Business Maverick


A conspiracy theory — the Bill & Melinda Gates Foundation and the World Bank

A conspiracy theory — the Bill & Melinda Gates Foundation and the World Bank
Bill Gates and Melinda French Gates overlay. (Photo: Daniel Berman / Redux /Composition by Jens Schmid)

Do I believe in this conspiracy theory, that the World Bank and the Gates Foundation seek to control the world through a single payment infrastructure entirely within its purview, if not under its control, and every person’s buying behaviour can be scrutinised down to the level of individual purchases and, moreover, where the payment instrument can be programmed to act differently for each citizen?

There is a narrative that unfolds like this:

Since the birth of liberalism, which means The Enlightenment or the French Revolution or the US Constitution (or even earlier, depending on the historian), the separation between the rights of the individual and the rights of the community has been the fault line for all political and even cultural contestation. What are the inalienable rights of the citizen and what are the rights of society? And do these rights collide or coincide?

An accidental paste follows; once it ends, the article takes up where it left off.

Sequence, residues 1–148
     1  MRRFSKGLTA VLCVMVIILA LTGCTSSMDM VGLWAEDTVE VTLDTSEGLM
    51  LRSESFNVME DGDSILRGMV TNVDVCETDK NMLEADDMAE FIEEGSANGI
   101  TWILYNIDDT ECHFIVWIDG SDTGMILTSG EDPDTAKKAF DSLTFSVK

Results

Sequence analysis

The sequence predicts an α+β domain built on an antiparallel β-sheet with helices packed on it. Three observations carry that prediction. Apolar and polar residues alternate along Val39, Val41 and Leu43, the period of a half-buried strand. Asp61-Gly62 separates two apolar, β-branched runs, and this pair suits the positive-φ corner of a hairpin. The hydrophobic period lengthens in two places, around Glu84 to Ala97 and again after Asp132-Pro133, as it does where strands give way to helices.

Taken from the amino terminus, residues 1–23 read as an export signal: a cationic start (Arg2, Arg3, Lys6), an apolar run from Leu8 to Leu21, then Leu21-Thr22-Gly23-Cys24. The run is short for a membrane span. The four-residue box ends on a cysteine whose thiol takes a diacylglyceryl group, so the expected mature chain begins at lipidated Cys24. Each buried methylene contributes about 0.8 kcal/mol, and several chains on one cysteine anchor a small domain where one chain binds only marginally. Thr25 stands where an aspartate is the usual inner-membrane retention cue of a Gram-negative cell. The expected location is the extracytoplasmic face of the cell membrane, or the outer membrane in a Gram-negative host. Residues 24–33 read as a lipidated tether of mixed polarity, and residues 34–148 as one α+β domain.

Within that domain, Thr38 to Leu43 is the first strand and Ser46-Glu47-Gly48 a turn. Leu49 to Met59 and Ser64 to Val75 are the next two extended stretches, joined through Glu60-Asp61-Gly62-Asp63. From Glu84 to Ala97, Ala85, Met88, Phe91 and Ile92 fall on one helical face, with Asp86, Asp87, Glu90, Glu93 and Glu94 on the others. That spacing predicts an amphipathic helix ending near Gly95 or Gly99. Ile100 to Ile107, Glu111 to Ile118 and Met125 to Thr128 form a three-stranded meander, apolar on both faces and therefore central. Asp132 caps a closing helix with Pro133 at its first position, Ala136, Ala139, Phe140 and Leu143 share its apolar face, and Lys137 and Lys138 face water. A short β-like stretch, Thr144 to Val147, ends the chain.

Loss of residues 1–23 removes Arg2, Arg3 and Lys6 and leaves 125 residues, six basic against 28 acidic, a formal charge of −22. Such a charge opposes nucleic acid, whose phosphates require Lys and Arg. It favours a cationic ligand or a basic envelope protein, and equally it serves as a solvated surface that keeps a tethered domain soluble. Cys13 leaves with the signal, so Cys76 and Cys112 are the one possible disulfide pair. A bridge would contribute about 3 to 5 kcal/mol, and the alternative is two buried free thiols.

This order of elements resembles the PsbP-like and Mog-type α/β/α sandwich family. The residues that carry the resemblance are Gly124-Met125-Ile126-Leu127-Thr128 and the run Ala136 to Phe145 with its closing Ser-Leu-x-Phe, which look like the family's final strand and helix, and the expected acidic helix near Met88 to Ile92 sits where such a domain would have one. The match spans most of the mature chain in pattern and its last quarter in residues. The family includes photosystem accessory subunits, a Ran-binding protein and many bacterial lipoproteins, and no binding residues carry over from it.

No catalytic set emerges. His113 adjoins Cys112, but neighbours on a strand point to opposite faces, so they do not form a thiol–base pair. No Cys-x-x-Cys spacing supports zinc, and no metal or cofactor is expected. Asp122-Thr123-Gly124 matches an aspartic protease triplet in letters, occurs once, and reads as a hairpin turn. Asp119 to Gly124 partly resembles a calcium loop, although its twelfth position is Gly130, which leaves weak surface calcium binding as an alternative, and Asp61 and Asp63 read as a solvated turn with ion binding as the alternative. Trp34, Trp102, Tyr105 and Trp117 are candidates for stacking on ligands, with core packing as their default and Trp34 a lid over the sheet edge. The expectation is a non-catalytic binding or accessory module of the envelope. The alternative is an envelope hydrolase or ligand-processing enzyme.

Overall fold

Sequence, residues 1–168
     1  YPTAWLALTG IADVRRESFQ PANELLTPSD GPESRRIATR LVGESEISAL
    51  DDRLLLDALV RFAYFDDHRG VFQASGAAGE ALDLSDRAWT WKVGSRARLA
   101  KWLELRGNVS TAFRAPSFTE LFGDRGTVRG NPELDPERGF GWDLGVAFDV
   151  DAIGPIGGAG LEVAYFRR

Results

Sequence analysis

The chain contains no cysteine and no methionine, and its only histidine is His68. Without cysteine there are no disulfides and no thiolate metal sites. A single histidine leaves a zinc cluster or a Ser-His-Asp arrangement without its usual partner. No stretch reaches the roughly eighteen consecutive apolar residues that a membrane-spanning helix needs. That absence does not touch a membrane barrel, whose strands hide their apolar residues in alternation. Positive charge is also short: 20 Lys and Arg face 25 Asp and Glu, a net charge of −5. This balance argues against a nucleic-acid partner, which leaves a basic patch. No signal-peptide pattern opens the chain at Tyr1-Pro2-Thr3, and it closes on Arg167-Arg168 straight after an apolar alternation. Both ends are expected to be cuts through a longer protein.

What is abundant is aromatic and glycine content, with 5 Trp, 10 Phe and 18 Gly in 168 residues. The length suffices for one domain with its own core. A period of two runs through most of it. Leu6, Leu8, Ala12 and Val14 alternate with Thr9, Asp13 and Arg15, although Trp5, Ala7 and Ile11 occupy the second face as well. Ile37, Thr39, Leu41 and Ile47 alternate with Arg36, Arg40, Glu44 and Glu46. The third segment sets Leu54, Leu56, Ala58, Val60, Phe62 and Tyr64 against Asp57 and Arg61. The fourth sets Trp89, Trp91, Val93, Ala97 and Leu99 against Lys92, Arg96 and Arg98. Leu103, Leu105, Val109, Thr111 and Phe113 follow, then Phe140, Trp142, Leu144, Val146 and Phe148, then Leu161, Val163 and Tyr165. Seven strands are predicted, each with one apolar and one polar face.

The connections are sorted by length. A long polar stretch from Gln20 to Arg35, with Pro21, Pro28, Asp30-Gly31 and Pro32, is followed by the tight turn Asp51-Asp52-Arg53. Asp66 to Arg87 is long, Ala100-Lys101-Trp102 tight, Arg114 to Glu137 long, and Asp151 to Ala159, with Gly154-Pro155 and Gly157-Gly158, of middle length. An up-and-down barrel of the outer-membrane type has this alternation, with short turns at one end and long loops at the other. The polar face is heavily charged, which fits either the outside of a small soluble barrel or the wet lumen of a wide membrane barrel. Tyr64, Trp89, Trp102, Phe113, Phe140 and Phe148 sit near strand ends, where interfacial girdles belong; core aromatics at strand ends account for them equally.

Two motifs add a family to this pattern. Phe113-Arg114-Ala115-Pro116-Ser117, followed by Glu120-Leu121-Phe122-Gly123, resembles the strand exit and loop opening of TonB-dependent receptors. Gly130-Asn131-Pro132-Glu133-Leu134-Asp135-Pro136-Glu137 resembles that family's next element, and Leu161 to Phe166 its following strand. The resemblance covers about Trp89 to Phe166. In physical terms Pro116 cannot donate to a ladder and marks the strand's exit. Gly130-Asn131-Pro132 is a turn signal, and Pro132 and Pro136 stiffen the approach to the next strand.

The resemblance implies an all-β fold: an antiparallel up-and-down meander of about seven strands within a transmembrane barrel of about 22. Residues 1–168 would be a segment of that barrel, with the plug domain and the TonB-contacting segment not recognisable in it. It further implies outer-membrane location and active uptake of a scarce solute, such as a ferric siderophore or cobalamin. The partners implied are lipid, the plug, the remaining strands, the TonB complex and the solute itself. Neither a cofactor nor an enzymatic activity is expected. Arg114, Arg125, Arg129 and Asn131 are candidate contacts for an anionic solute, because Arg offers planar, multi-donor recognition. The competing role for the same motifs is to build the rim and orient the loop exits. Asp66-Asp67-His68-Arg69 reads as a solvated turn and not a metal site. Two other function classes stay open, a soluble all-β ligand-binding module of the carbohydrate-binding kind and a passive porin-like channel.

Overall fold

Which brings us screaming into the present.

A few days ago, a long-planned Federal Reserve project was officially launched in the US. It is called FedNow. The tl;dr version of this project is that it enables Fed member banks to settle payments instantly. So a business in Los Angeles which wants to pay a business in New York at a different bank will find the transaction settling in seconds, rather than days.